Last week, MetLife announced the planned merger of several offshore entities into one domestic company for the reinsurance of its variable annuity (VA) business, a move that Moody’s has deemed a credit positive.
In an analysis written by Neil Strauss, vice president, senior credit officer at Moody’s Investor Service, the move was given that status because “it will provide better transparency and regulatory oversight into MetLife’s VA risk, which, with guaranteed benefits over $100 billion, is a major component of MetLife’s liabilities.”
Housing the risk in a larger domestic entity with greater assets and more diverse liabilities will further enhance MetLife’s derivative-based hedging program for its VA guaranteed products, noted Strauss. Also, by having an onshore reinsurance company, MetLife will save on “costly letters of credit.”
Regulators, particularly the New York Department of Financial Services, MetLife’s primary regulatory agency, have warned against the use of offshore captives that may not be subject to more intense regulatory scrutiny. The move will allow analysts to see if the VA business is property capitalized, Strauss wrote.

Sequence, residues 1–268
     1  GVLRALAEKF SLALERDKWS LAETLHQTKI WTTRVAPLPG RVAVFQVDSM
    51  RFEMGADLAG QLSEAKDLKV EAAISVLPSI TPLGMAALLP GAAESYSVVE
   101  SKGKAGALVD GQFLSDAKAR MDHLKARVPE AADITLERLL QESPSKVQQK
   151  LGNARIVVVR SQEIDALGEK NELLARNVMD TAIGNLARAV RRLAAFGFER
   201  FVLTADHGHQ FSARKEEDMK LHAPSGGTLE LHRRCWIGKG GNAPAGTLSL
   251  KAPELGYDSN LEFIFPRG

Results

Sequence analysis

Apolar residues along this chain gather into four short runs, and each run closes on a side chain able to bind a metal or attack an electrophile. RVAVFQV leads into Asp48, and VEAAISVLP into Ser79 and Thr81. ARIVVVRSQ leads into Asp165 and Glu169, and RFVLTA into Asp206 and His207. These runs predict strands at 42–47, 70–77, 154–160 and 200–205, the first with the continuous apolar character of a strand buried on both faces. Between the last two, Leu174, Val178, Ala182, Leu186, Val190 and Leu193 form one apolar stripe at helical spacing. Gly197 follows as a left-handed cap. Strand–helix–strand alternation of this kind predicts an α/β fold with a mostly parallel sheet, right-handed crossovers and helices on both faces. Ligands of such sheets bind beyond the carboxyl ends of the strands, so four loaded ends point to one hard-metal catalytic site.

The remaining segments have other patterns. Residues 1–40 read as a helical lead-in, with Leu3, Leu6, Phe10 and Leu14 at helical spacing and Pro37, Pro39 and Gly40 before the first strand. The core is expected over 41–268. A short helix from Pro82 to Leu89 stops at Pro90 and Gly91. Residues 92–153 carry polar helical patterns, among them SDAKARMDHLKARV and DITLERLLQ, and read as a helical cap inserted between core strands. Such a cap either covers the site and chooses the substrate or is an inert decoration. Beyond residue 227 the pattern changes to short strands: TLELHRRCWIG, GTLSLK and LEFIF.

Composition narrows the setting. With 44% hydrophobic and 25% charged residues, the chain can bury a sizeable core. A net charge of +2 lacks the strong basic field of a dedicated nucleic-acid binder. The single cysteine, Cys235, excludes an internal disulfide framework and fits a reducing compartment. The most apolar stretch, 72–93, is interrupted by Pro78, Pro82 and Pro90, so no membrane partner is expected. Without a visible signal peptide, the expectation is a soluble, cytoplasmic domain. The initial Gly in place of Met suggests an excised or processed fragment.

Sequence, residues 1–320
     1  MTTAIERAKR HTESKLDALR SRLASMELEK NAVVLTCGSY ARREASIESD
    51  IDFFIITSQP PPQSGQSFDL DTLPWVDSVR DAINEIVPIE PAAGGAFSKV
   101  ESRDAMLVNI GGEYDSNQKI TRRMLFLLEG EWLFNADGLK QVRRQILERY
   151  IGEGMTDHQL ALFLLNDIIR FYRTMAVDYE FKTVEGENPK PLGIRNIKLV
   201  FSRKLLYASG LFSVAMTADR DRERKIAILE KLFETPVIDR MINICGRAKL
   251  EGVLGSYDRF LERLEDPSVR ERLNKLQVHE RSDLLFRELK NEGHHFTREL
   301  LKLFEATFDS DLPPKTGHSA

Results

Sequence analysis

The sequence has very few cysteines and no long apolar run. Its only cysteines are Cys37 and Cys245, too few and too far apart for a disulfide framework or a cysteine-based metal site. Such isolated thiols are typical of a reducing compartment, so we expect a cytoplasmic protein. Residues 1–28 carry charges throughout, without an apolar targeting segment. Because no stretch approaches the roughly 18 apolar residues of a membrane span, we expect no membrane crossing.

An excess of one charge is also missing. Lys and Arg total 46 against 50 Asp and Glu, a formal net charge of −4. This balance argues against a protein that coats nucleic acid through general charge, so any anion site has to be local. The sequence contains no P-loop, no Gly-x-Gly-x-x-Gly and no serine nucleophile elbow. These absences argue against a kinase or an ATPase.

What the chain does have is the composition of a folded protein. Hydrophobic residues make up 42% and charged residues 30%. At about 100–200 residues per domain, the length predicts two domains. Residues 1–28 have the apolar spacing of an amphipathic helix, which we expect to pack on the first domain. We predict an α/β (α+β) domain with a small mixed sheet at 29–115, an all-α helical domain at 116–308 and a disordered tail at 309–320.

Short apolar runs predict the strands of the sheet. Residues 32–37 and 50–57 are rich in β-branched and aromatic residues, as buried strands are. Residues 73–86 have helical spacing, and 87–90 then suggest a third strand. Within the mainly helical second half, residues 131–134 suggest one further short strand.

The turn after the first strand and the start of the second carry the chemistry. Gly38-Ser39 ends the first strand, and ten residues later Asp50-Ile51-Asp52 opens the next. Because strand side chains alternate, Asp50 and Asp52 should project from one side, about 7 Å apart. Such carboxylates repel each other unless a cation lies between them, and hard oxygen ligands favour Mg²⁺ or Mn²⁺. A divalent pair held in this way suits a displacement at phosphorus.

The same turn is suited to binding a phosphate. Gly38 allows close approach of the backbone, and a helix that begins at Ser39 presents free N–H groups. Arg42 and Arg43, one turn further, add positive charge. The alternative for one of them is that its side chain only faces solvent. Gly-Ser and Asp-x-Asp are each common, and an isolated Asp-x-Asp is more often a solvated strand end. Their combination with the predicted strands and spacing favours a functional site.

However, the merger, which MetLife expects to be complete by the end of 2014, is a bit of a double-edged sword, bringing with it more volatility in reserve requirements. It’s likely, Stauss wrote, that MetLife will hold capital at levels consistent with the risk, although the rating agency expects the company will allow its reported National Association of Insurance Commissioners’ risk-based capital (NAIC RBC) ratio to decline from current levels, which are higher than its long-term target level.
“Notwithstanding the positives, bringing the risks onshore could result in reported capital becoming more volatile under adverse market conditions when reserve requirements would increase. Such was the case for several VA insurers during the 2008-09 financial crisis,” Stauss stated.
Moreover, with more regulatory scrutiny, MetLife will probably take on less risk, the Moody’s analyst predicted.
A U.S.-based subsidiary also enables MetLife to better comply with derivative collateral requirements mandated by Dodd-Frank because it will have “a larger and more diverse asset base, which it may use as collateral for derivatives owing to the subsidiary holding other businesses beyond VA reinsurance,” Stauss wrote.
Variable annuity insurers employ significant hedging programs in the form of derivatives to help them manage through equity market declines and prolonged low interest rate environments, Strauss pointed out.
Moody’s also wrote that the shift is a capital neutral transaction.